The Ultimax 100 lightweight infantry support weapon was designed in 1977 by American firearms engineer Leroy James Sullivan (Jim Sullivan) whose credits also included the Stoner 63, Ruger Mini-14 and the M16 rifle - all scaled down versions of larger existing weapon systems. Development centered around producing a weapon of high quality that was reliable under battlefield conditions, was portable by a single individual and could bring a good amount of firepower to bear on a target or target area. The resulting weapon system - the Ultimax 100 (or "M100" or "U100") - was introduced into the Singapore Armed Forces in 1982 and has seen operational use elsewhere since. Production was initially handled by the Chartered Industries of Singapore, known collectively as "CIS", and made largely of pressings and stampings with a plastic pistol grip, foregrip and butt for a lighter end-product. In 2000, CIS was acquired by ST Kinetics who now lays claim to the Ultimax 100 line. It is believed that some 80,000 examples have been produced to date with production still ongoing.
The Ultimax 100 is chambered for the 5.56x45mm NATO standard cartridge and can fire from a standard 20- or 30-round STANAG curved magazine or a 100-round Beta C-Mag ammunition drum. The weapon is gas-operated with a rotating bolt action. Weight of the system is approximately 10.5lbs, varying only slightly between variants in the series. The machine gun fields a running length of about 1,030mm and made shorter by having its detachable buttstock removed. The standard barrel length measures in at 508mm (20 inches) while the "short" barrel is just 330mm (13 inches) - either is of the "quick change" type and sports a flash hider and support for grenade launching. The shortened barrel form is optimal for special forces operatives or paratrooper elements where portability is key to equipment. Muzzle velocity is rated at about 3,100 feet per second depending on cartridge utilized - either the M193 or the SS109/M855 series. Sights consist of a fully-adjustable rear aperture tangent leaf sight (windage) coupled with an adjustable front post (windage and elevation) and accuracy is further facilitated by way of a bipod fitted ahead of the forend and a foregrip under the barrel housing. Each barrel retains its own respective front sight meaning that the barrels can be fine-tuned ("zeroed") to the individual weapon. Rate-of-fire is listed between 400 and 600 rounds per minute, a rather low rate when compared to other weapons of this class though due to the use of a patented "constant recoil" system that keeps weapon "jump" to a bare minimum. The cocking handle is fitted to the upper left side of the body near the pistol grip.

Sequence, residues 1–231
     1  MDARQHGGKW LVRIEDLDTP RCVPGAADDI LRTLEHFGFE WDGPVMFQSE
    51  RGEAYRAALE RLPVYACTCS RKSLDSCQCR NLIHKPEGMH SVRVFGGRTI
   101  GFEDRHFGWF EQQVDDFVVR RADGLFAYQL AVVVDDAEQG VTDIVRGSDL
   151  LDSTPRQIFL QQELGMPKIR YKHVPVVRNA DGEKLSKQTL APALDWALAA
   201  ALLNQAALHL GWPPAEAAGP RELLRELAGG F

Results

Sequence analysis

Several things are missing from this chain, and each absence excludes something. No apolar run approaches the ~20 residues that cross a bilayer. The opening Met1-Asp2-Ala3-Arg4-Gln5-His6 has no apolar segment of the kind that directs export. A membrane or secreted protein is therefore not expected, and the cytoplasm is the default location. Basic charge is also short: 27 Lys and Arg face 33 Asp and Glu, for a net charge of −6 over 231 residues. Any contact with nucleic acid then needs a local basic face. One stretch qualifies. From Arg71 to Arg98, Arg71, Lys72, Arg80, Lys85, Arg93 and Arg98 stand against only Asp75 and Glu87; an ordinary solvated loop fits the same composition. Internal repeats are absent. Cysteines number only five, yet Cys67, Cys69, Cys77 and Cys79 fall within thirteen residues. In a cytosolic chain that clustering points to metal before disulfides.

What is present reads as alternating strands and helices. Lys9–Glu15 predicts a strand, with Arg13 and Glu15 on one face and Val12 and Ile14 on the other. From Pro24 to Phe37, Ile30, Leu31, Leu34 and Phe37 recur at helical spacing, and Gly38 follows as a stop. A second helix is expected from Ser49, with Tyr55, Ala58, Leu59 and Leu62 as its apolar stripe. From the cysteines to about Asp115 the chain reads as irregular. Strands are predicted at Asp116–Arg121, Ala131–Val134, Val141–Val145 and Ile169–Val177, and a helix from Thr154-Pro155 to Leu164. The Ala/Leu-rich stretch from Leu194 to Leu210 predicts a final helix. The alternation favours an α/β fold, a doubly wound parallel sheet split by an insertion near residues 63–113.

The Ultimax 100 has since been developed into five distinct variants, or "marks". The Mark I designation was used to define the preproduction models with quick-change barrels. Mark II forms were given fixed barrel assemblies. Both the Mark I and Mark II featured their carrying handles at the midway point of the receiver. Mark III variants featured quick-change barrels in a standard and short/compact barrel length, the latter for improved portability. The Mark IV was a proposed development for the United States Marine Corps specifically during the Infantry Automatic Rifle Program competition. A revised fire selector was instituted but the USMC elected to go in a different direction. The Mark V became a modernized version of the abandoned Mark IV and revised with a folding buttstock, support for the M16-style STANAG magazine or drum and a Picatinny-style accessories rail system. By this point, the Ultimax 100 has also been modified for firing from vehicle mounts.
The Ultimax 100 is currently in use by the forces of Singapore, Brunei, Croatia, Indonesia, Peru, Philippines, Slovenia and Zimbabwe. The weapon has seen extensive action in campaigns across the former Yugoslavia, Indonesia, Philippines, the Fijian coup, Afghanistan and the Sri Lankan Civil War.
CIS marketed the Ultimax 100 under the claim that it was "...the lightest of all light machine guns designed at the outset for one-man operation."